County’s Life Tracker program hits 10-year mark
By RYAN JARVI
Journal Staff Writer
MARQUETTE — Since the Life Tracker program was implemented in Marquette County a decade ago, four people who otherwise may have never been seen again were found and safely returned to their caregivers.
Yvonne Clark, who helps coordinate the program, said Life Tracker is available to anyone in Marquette County who has a tendency to wander.
“That could be Alzheimer’s, it could be autistic, it could be a traumatic brain injury — anybody that has a tendency to wander and not be able to find their way home on their own,” she said.
At all times, participants in the Life Tracker program wear a bracelet that resembles a large watch and emits a unique radio frequency, allowing law enforcement to trace its latest location.
“It gives the caregivers a great deal of peace of mind because they know if their loved one wanders, at least they have a way to look for them,” Clark said.
The tracking devices are powered by batteries, and program organizers said volunteers are needed to help change those.
“Every two months a volunteer would have to go out and change the battery on it, so it’s not that much time,” said Marquette County Sheriff Greg Zyburt, who, along with a few other members of his staff, received training on the program and devices Wednesday.
Zyburt said there are now 12 volunteers who have gone through the training, and currently 14 people wear the devices, though in the past there have been as many as 22, and as few as three or four.
If an individual participating in the program is missing, that person’s caregiver calls 911, Zyburt explained. The dispatcher then contacts the sheriff’s special operations unit, which has the equipment and ability to locate the participant’s Life Tracker device.
Zyburt said when he first learned the bracelets emitted radio frequencies, he wondered why the older technology was used instead of something more advanced.
But if they used GPS technology, he said, “because of our dense area, and there’s so many dead spots and that, especially in the woods, we probably wouldn’t be able to find them; whereas this, each person has a bracelet with a transmitter and each transmitter has a specific number.”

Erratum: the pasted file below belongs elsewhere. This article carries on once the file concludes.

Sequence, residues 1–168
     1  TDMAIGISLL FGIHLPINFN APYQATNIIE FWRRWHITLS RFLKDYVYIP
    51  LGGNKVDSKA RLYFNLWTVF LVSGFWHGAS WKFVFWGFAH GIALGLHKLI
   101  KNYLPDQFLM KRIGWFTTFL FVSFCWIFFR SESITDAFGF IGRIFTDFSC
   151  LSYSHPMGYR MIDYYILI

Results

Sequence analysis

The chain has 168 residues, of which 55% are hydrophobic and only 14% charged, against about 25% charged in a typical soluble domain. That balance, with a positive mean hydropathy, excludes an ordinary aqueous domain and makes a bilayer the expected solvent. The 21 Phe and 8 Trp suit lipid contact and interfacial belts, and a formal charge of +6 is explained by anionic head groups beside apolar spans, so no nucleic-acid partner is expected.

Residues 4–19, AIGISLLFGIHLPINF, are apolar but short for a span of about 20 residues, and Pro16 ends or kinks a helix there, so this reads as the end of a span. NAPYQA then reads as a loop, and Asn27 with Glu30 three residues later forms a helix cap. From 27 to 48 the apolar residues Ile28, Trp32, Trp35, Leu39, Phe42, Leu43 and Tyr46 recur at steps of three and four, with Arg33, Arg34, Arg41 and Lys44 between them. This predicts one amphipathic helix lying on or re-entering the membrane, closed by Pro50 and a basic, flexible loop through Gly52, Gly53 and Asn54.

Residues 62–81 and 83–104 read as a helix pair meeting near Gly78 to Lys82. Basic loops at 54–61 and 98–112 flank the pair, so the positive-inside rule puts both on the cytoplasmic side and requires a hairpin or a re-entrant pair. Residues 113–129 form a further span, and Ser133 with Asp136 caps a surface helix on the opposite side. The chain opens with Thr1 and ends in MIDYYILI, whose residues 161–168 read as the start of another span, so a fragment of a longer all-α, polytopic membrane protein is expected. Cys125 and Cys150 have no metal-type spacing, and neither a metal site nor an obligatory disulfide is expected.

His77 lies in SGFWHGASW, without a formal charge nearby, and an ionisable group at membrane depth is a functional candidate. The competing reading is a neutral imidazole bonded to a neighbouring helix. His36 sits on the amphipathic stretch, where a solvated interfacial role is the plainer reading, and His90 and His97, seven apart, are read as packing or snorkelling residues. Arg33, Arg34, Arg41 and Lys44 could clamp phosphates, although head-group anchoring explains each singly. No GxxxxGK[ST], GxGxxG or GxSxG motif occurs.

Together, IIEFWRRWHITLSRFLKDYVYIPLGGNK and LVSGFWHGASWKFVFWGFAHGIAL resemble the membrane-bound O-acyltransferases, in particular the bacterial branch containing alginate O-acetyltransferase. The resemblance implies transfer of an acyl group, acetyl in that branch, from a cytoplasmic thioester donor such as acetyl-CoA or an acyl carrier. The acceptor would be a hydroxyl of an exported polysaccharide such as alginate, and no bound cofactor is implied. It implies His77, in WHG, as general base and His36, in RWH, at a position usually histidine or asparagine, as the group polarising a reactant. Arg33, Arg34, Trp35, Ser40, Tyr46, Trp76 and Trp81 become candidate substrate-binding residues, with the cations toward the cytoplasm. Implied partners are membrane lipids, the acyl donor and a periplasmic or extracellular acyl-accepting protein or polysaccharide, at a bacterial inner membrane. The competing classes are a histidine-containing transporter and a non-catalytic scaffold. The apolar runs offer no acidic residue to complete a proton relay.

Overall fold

The volunteer training lasts about two hours, organizers said, and covers how the device works, what type of paperwork must be completed and other relevant information.
“It’s not a hard job,” Clark said. “It doesn’t require that much, just putting it on and taking some pertinent information so that search and rescue knows who they’re looking for, and then once every two months they go and change the battery.”
Program participants are asked for a one-time $50 suggested donation and a $20 monthly fee to cover the cost of the bracelet and batteries. However, organizers said if participants can’t afford it, those expenses will be covered for them.
“If there’s a hardship, then there’s no problem,” Clark said. “Nobody gets turned down.”
The need for the Life Tracker initiative was realized in 2004 when a woman was reported lost near Witch Lake, according to a history of the program compiled by Julie Shaw, director of Aging Services and the Retired & Senior Volunteer Program of Marquette County.
The attempt to find the missing woman included 40 search and rescue personnel, 60 law enforcement officers, six K-9 units, 200 volunteers, the U.S. Coast Guard and helicopters, Shaw wrote.
The search lasted five days, but the woman wasn’t found. It was two months later that a group of bloodhounds and volunteers who search for missing people on their own time located the woman, only 5 miles from where she was last seen.
The Life Tracker program is provided through a partnership between the Retired Senior Volunteer Program of Marquette County, Marquette County Sheriff’s Office, TRIAD of Marquette County, Alzheimer’s Association and Hiawatha Amateur Radio Association.
For more information on becoming a participant or volunteer in the Life Tracker program, call the RSVP of Marquette County at 906-315-2607.